FloridaTrend.com, the Website for Florida Business

Dairy Farmers Are Lobbying for More Money

Florida's Dairy Industry

Florida’s Dairy Industry

» Has 140 dairy farms statewide, down from 288 in 1992

» Ranks 19th in the U.S. for total milk production

» Produces 2.1 billion pounds of milk annually

» Employs 2,000 directly

Construction, real estate and tourism aren’t the only Florida industries hammered by the recession. Florida’s dairy farmers are expected to lose about $99 million this year —?or about $709,000 per dairy farm — according to a report prepared for the Senate Agriculture Committee.

“It has just been such a roller-coaster ride,” says Joe Wright, a farmer in Avon Park who serves as president of the milk marketing cooperative Southeast Milk. Three years ago, Wright recalls, dairy farmers were paying record prices for grain to feed their cows, but they were also earning record prices for milk thanks to strong demand. “When the recession hit, demand went away and milk prices went down, but we’re still stuck with high input costs.”

While all farmers are susceptible to dips in the economy, dairy farmers face a particularly tough predicament because unlike grain farmers, who can store the grain in a silo and wait for better prices, dairy farmers have a product that spoils rapidly. Moreover, dairy cows can’t be turned off with a switch. They continue producing milk whether the farmer can sell it at a profit or not.

Most Florida dairy farms sell their milk for an average of about $1.41 a gallon but face production costs of $1.74 a gallon, according to the Senate report. Just two years ago, when production costs were $1.84 a gallon and the price of milk was $1.88 per gallon, the typical Florida Dairy farm was making a profit of about $529,000.

The tight credit market is also putting a squeeze on the industry as farmers burn through cash to maintain herds that can’t be downsized quickly. Wright says he’s aware of some farmers who have been unable to get bank credit, but says feed suppliers have been working with some farms, giving them 60 or 90 days to pay instead of the usual 30.

Joe Wright
Joe Wright
The problem isn’t limited to Florida. U.S. dairy farmers as a whole are looking at a $12-billion drop, according to the National Milk Producers Federation.

With economists predicting only a gradual recovery for milk producers, lawmakers are stepping in to try to help the foundering industry.

Congress recently approved a $350-million emergency aid package for dairy farmers. While $290 million will go directly to dairy farmers, the federal government will use $60 million to buy surplus cheese and dairy products —?but the legislation does not say specifically how the $290 million will be allocated. That is being left up to the Department of Agriculture.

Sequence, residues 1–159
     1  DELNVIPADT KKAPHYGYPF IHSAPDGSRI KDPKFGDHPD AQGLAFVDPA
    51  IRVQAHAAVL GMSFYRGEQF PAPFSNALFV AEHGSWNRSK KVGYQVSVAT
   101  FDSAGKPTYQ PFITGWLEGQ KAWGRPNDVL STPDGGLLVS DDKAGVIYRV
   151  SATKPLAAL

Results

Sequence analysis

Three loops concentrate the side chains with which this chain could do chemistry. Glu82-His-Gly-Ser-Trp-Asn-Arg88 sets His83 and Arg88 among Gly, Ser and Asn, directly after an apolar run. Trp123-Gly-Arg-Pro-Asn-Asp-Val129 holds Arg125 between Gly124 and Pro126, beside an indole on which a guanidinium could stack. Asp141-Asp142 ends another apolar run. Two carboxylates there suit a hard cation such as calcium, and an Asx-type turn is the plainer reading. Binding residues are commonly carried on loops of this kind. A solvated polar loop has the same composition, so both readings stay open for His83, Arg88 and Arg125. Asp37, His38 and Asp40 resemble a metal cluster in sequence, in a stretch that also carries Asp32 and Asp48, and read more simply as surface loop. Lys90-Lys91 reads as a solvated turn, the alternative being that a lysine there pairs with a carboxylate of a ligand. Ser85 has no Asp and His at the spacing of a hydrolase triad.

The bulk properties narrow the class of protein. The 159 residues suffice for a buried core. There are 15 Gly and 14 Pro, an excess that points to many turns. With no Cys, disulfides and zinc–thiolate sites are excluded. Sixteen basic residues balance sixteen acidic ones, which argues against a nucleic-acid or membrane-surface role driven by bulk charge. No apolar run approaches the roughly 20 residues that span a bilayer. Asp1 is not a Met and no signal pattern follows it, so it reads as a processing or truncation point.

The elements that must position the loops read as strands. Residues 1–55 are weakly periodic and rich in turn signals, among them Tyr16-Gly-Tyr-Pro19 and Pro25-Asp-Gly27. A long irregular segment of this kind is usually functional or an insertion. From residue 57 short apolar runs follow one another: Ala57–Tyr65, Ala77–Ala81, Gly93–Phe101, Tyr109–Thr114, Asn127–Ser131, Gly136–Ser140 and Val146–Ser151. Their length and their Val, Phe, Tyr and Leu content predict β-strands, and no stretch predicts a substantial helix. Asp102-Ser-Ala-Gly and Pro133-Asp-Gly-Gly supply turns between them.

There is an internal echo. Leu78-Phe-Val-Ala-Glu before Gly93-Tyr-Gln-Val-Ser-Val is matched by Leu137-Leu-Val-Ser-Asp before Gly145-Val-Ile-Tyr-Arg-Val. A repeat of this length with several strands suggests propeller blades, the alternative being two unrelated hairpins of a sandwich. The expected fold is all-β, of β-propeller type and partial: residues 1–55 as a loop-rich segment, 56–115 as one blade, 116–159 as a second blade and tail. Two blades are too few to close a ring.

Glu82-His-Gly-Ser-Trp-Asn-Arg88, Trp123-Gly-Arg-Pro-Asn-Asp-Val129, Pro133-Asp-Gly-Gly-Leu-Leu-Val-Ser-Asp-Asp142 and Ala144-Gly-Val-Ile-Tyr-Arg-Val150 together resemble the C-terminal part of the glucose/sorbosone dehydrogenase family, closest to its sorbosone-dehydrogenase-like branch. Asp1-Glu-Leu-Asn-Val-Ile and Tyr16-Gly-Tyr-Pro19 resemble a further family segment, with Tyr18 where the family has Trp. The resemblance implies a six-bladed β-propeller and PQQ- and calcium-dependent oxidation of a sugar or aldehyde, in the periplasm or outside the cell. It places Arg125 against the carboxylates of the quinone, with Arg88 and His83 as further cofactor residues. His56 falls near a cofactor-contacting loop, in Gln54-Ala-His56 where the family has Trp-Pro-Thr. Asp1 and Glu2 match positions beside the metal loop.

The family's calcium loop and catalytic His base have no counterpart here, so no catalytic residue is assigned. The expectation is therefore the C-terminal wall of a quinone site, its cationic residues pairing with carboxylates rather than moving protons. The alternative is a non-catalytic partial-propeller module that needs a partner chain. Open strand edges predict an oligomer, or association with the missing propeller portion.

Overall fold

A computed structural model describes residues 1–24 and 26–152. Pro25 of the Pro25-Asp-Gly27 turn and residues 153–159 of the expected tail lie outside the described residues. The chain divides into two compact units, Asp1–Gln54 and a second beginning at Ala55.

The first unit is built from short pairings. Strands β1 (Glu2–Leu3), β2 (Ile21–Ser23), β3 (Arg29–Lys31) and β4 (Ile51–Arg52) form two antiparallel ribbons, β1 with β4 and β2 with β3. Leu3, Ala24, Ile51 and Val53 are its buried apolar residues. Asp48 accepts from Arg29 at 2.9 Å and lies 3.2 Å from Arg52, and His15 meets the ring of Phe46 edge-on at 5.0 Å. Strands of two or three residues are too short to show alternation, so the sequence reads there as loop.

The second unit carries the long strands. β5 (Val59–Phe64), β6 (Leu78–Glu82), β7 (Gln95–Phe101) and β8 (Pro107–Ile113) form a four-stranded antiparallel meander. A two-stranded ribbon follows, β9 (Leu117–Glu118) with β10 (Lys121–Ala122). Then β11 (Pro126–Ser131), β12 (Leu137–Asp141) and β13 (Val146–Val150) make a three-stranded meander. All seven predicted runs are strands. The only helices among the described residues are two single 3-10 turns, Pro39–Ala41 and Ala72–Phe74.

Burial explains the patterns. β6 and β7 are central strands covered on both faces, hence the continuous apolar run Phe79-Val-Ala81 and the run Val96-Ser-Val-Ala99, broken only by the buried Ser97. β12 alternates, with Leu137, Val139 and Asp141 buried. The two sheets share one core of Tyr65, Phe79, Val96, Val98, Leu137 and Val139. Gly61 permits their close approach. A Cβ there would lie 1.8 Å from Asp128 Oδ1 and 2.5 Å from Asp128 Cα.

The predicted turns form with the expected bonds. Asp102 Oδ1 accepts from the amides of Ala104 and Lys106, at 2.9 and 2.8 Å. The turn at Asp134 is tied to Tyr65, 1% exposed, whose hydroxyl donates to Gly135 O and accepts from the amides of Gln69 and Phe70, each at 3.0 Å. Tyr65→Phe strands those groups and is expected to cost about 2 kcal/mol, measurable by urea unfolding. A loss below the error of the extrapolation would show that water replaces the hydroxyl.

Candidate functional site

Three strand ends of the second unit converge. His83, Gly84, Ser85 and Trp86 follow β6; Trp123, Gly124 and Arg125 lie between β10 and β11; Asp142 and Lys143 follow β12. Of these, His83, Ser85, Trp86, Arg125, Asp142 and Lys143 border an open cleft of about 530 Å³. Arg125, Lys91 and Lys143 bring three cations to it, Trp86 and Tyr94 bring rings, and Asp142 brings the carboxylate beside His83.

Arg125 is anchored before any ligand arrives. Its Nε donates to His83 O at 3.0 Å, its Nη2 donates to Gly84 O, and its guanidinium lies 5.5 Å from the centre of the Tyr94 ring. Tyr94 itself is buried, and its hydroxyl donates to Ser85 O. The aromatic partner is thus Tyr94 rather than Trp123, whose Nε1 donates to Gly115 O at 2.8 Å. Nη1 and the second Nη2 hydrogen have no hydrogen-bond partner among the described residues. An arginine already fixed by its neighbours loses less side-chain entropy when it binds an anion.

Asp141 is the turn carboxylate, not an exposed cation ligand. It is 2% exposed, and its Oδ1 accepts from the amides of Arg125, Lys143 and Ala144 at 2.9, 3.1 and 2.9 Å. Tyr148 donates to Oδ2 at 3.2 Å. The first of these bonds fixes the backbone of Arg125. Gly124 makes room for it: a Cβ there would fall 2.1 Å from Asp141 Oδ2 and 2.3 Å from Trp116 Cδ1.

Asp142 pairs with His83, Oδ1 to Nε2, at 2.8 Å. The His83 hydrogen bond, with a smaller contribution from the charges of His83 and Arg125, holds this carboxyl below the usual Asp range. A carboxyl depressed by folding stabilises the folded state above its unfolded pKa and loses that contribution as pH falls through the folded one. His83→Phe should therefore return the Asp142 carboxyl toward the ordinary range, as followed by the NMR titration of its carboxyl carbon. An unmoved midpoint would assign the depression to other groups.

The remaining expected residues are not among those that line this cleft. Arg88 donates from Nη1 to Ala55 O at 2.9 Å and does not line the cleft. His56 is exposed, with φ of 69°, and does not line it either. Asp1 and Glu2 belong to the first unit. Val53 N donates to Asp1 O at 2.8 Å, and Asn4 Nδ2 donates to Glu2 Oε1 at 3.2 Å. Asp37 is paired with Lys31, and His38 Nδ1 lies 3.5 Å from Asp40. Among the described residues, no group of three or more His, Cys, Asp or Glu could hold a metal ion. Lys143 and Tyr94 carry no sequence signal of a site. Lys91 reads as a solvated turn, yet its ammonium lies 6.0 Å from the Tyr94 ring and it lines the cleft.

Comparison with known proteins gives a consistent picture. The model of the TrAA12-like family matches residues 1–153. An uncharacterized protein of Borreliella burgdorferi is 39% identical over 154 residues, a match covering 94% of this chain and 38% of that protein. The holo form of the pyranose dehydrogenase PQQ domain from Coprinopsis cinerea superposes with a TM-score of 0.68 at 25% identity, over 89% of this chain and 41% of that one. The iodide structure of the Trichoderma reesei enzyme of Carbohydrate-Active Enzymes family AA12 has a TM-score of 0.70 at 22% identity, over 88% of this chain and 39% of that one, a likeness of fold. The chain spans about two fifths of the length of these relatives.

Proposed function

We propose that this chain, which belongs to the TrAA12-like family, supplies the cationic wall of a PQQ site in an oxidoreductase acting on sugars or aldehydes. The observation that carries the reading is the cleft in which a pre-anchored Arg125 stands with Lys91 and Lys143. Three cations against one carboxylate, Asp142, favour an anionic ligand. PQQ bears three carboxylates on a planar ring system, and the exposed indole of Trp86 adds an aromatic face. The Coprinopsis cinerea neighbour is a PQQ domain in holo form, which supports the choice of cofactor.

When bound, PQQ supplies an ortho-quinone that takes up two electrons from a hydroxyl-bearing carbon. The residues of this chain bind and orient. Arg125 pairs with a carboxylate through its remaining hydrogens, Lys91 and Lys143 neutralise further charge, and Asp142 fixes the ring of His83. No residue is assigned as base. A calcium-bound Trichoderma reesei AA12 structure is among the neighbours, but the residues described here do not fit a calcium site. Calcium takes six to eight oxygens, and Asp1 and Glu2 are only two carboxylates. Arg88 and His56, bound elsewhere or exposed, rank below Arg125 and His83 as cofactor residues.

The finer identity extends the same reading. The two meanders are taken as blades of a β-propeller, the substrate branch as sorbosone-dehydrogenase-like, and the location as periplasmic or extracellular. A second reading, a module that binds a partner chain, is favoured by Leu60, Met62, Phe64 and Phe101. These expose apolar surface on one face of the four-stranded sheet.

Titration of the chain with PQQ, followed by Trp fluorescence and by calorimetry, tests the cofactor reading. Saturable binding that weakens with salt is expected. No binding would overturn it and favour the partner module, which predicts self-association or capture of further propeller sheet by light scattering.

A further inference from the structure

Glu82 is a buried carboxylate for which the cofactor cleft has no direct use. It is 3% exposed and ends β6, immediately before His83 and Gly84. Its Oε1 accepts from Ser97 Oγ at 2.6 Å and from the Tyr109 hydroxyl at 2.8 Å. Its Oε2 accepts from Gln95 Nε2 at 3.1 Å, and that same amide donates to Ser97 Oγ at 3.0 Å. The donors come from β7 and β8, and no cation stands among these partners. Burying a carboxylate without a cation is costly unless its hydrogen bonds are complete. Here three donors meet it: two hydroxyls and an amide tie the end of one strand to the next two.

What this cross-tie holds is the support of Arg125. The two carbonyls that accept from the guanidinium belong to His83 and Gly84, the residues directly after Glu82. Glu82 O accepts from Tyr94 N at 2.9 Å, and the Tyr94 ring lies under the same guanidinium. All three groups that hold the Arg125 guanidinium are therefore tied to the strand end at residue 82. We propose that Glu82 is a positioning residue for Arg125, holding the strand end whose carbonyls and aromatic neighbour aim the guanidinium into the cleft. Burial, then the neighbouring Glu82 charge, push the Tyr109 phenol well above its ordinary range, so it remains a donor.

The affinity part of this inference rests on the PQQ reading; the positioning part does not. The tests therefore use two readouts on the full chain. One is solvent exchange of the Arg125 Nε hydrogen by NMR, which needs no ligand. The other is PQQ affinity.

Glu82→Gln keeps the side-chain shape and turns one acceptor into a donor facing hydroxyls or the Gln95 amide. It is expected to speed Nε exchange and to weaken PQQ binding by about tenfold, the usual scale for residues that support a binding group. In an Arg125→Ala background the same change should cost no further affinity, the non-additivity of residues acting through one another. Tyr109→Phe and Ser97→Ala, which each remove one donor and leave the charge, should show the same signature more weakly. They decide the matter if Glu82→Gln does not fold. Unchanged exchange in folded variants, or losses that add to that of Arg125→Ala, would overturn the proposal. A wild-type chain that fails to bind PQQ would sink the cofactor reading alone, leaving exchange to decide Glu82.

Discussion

Bailouts aside, there are several steps state lawmakers could also take to help Florida’s dairy farms.

For instance, the Legislature could require government institutions in the state to purchase a certain percentage of milk from Florida dairy farmers. The state could also create tax incentives to help farmers who are expanding or updating their facilities or building new farms.

As lawmakers mull their options, the dairy industry is trying to drive up demand for milk through various marketing and partnership initiatives.

Dairy Farmers Inc., Florida’s milk promotion organization, recently teamed up with Dairy Management Inc., its national counterpart, to create partnerships with companies such as McDonald’s and Domino’s Pizza in order to sell more dairy products. The dairy groups supported McDonald’s launch of a new line of McCafe coffee drinks, which are close to 80% milk, and they were a driving force behind Domino’s development of a new “American Legends” line of pizza, which contains 40% more cheese than a traditional Domino’s pizza.

The DFI has also been working with Florida processors and retailers to develop new locations in stores where milk is sold. “You will start seeing milk in places such as the deli counter and coolers in the front of stores,” Matt Lussier, an Alachua County dairy farmer and president of DFI, wrote in the a recent issue of DFInsider, the group’s official newsletter.

Some farmers have come up with their own ways to deal with the crisis.

The Dairy Farmers marketing organization has been stepping up partnerships to create more demand.
Dakin Dairy Farms in Myakka has begun bottling some of its milk and selling it to regional grocers as locally produced “farm fresh milk.” Jerry and Karen Dakin, the husband and wife who own the farm, also began giving educational “farm fun tours” and selling compost made from cow manure and yard clippings. Next up? Artisan cheese made on the farm.

Karen Dakin says the cash flow from these new products and activities hasn’t canceled out the $200,000 to $300,000 revenue drop caused by lower milk prices but says every little bit helps. “Before you know it, you start to generate an income that is noteworthy — that does counterbalance some of these down times.”

It Does a Lobby Good

Suggestions from a Senate Agriculture Committee report — requested at the behest of the dairy industry — on ways that the state could help the industry and the environment at the same time:

» Create a funding source for Florida dairy farmers to pay for the design and implementation of environmental technologies to collect dairy solids and biofuels. “This would capture a large amount of nutrients of concern and capture methane to develop green fuel and promote independence from foreign fuel sources,” according to the report.

» Fund the construction of waste-to-energy systems at dairy farms in Okeechobee and Suwannee counties that could generate electricity for nearby state prisons.

» Create incentives for the use of organic fertilizers to improve market demand for manure compost so more dairy farmers would be inclined to invest the capital.